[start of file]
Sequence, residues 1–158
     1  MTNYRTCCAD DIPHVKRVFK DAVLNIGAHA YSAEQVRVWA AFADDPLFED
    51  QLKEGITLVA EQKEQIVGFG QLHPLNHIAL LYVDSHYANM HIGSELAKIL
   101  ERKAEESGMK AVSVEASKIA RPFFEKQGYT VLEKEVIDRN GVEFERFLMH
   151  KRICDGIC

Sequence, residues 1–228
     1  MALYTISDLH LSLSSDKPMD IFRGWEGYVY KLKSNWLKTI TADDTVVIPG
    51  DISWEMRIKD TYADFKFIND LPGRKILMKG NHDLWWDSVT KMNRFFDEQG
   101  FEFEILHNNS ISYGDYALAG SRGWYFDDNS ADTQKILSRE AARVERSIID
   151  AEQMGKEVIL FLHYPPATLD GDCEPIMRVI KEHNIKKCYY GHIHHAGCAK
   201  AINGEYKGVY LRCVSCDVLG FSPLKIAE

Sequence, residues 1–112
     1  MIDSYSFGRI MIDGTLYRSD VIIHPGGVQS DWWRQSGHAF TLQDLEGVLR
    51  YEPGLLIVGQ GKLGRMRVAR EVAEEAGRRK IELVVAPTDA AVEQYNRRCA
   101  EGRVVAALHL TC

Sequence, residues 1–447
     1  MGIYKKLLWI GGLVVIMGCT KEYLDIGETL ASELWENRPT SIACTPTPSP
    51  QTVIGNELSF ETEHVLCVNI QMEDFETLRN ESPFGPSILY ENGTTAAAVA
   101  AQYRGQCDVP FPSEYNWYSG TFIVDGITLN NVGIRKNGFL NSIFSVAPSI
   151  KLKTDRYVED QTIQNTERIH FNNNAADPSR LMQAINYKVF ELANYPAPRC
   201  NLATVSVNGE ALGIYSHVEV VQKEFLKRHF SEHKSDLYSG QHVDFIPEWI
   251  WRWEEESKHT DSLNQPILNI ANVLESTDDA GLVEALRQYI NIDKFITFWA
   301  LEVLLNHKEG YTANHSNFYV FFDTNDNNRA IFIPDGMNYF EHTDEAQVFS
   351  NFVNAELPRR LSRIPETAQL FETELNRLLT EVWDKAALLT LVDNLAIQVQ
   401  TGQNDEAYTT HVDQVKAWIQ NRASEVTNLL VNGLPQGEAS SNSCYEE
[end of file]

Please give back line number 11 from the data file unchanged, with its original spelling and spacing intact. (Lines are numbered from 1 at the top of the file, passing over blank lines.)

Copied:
   201  AINGEYKGVY LRCVSCDVLG FSPLKIAE